All patients undergoing redo postchemotherapy (PC) RPLND between 1975 and 1993 were retrospectively reviewed. Statistical analysis was done comparing outcomes of this "redo" group to "primary" PC RPLND. Also, patients operated initially at Indiana University vs. elsewhere were compared. Intraoperative technical considerations in the redo group were noted. Survival at two and five years was significantly less in redo PC RPLND than in primary PC RPLND (p=0.00001). In redo cases, viable cancer was diagnosed in 37% of resected specimens, teratoma in 40%, and necrosis in 23%. Redo PC RPLND was extensive and entailed resection of adjacent organs in 34% of cases. In-field relapse was significantly higher in the subset of patients operated initially outside IUMC (p=0.000001). Failure to completely resect tumor at the initial PC RPLND was associated with increased morbidity owing to the need for redo RPLND with its attendant demands for wide tumor clearance. Redo RPLND is a technically extensive operation and one third of patients required adjacent organ resection. Patients with cancer at redo PC RPLND have an compromised prognosis (34-46%) compared to those with cancer found at primary PC RPLND (70%). (p=0.00001). Patients referred for PC RPLND after primary chemotherapy (n-404) without other associated risk factors represent only 50% of our cases ("clean" subgroup). These have a much better prognosis than our redo group (n-212, p=0.0001). Only 5% of our primary PC RPLND cases (20/404) in this "clean" subgroup have died of cancer. Therefore, the best chance for surgical cure is the first chance. If the PC RPLND surgery is recognized as incomplete (n=92), or if there is subsequent local relapse requiring redo (n=212), the outcomes are significantly impacted in terms of relapse and survival (p=0.0001).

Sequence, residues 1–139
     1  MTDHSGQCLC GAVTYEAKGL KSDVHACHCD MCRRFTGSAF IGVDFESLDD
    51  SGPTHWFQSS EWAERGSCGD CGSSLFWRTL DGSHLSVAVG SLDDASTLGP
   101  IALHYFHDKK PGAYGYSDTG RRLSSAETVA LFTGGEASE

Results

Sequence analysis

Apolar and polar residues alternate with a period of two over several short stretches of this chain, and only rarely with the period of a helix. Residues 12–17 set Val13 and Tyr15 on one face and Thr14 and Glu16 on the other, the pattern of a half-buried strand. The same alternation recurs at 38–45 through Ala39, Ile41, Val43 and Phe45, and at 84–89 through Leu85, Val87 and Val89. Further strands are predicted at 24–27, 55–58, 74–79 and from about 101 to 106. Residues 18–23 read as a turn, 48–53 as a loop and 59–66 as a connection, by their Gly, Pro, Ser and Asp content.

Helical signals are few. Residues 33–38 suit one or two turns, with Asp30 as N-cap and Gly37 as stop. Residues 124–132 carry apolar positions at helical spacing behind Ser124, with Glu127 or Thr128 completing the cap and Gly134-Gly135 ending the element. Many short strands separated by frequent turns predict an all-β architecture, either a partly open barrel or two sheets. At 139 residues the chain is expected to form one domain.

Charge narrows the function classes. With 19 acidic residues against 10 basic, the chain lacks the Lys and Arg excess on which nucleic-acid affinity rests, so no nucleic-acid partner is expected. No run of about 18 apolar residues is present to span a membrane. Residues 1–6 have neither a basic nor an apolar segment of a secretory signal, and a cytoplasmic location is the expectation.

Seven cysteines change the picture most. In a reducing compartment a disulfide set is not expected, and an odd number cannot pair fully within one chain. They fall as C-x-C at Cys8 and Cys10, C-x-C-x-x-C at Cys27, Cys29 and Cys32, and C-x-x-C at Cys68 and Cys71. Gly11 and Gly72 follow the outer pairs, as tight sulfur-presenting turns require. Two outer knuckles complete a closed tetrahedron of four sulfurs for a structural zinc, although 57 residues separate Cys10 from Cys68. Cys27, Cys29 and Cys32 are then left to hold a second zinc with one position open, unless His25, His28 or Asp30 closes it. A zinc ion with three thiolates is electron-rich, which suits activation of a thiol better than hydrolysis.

|Number of pages||1|
|Journal||British Journal of Urology|
|Issue number||SUPPL. 2|
|State||Published - 1997|